Awards and Honours: Tricks of the Trade

Mar 6, 2018
Erica Conte, Yunjo Lee, Samar Saneinejad and Arthur Slutsky, St. Michael's Hospital

Awards are a great way to honour faculty, staff and students, support their growth and contribute to the reputation of an institution. Over the past four years, the VP Research Office at St. Michael’s Hospital has made it a priority to help our faculty win awards. We have taken a proactive approach to supporting award nominations, dedicating time and resources to this important process. This article provides an overview of our Grants and Awards team’s process, and provides some tips for improving award nominations.

How Do We Find Award Opportunities?

The first step is to find awards with criteria that are aligned with faculty members’ qualifications, contributions and impact within their field. Our awards team starts by scouting available databases to determine upcoming award deadlines. These include:

  1. Resources from the University Awards & Honours Office (contact Monica Caverson at
  2. The University of Toronto Research Funding Database
  3. Pivot, and various list serves such as the Canadian Association of Research Administrators and federal granting agencies.

We also encourage our scientists to bring forward any potential nominations for which they feel they (or their colleagues) are a good match. These community-sourced awards are often important for early and mid-career investigators where the awards may be less well-known, and advertisement is targeted through research field-specific channels.

How Do We Determine Who Is The Best Candidate?

Having an inventory of faculty with easy access to up-to-date CVs is critical when identifying potential nominees. Our office makes it a point to know our faculty – their career stage, research focus, contributions, impact and leadership experience. We take time to meet with all new recruits to understand their areas of research. We discuss the list of upcoming awards at our weekly meetings to identify any potential competitive nominees. If there are multiple candidates identified or further insight is required, these awards are brought forward to the Research Leadership Committee to review and make final recommendations. To determine if the chosen nominee is competitive, we often consult the list of previous awardees. Ultimately, if our office has determined that one of our scientists is a good candidate for an award, we then consult the nominee directly (when possible) to determine 1) if they agree that their qualifications match the description of the award, and 2) if they would be willing to help us compile the necessary information to complete the nomination package.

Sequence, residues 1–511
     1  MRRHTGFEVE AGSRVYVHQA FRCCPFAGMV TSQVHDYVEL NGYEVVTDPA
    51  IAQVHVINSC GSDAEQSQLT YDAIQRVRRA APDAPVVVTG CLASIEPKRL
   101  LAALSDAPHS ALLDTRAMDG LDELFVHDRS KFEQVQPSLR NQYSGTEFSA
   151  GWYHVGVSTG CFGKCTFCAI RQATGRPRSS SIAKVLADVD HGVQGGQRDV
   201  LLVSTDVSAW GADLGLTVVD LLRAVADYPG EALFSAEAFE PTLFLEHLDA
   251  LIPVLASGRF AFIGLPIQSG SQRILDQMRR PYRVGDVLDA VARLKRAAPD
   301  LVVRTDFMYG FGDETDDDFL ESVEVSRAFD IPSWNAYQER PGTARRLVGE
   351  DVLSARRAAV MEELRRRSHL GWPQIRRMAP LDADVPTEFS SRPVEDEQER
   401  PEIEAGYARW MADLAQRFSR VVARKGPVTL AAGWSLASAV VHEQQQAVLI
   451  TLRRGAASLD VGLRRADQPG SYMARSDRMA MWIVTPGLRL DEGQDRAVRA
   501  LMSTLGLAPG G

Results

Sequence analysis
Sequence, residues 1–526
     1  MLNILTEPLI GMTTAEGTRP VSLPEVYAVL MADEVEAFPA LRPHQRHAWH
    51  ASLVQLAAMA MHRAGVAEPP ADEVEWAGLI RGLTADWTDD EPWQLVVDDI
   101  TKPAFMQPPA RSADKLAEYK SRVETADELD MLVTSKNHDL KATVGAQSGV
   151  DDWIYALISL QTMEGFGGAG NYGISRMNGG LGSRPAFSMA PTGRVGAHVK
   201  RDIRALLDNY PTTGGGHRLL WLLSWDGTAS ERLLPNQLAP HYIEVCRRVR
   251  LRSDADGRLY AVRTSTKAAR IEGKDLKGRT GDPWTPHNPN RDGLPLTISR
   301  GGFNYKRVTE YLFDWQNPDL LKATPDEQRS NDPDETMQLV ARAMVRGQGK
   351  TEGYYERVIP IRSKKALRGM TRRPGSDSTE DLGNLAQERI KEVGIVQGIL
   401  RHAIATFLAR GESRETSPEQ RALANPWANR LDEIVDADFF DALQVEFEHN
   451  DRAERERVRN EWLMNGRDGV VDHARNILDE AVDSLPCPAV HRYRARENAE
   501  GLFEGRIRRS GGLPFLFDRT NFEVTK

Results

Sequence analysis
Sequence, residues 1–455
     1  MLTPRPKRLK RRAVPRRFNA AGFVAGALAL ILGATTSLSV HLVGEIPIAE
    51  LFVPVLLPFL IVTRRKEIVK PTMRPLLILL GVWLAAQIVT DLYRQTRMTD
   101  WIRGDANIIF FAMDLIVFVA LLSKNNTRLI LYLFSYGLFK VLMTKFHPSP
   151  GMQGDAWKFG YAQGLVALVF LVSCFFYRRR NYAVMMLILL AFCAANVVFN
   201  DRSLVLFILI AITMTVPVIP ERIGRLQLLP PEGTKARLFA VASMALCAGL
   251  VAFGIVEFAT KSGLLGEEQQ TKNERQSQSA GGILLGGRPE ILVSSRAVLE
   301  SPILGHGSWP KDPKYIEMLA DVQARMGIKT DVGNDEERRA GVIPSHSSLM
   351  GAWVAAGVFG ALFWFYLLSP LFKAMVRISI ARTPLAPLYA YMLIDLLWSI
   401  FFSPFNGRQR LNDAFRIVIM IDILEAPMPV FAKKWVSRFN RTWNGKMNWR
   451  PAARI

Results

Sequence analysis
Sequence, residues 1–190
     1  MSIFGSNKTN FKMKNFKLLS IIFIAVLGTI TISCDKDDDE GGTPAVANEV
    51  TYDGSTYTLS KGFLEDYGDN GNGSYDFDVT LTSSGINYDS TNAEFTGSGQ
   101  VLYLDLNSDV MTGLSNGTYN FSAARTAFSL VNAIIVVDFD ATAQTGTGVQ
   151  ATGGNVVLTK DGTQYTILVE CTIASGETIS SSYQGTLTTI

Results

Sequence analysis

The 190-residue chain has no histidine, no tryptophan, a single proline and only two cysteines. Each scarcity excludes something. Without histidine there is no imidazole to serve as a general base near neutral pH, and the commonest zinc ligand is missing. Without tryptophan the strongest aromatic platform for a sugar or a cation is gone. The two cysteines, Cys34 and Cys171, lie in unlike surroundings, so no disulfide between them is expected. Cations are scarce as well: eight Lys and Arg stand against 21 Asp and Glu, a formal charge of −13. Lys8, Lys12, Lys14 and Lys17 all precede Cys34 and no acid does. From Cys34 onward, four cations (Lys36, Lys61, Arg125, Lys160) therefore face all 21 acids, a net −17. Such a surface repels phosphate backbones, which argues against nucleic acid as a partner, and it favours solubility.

Divide and Conquer: Roles and Responsibilities

If the award clearly states that the nomination must remain strictly confidential and the nominee cannot be aware of the nomination, then our office would work with someone identified as the primary nominator to complete the nomination package. However, for most award nominations we will work directly with the nominee to assemble the required material.

Curriculum Vitae: We ask the nominee for an updated CV in the format required for the award nomination.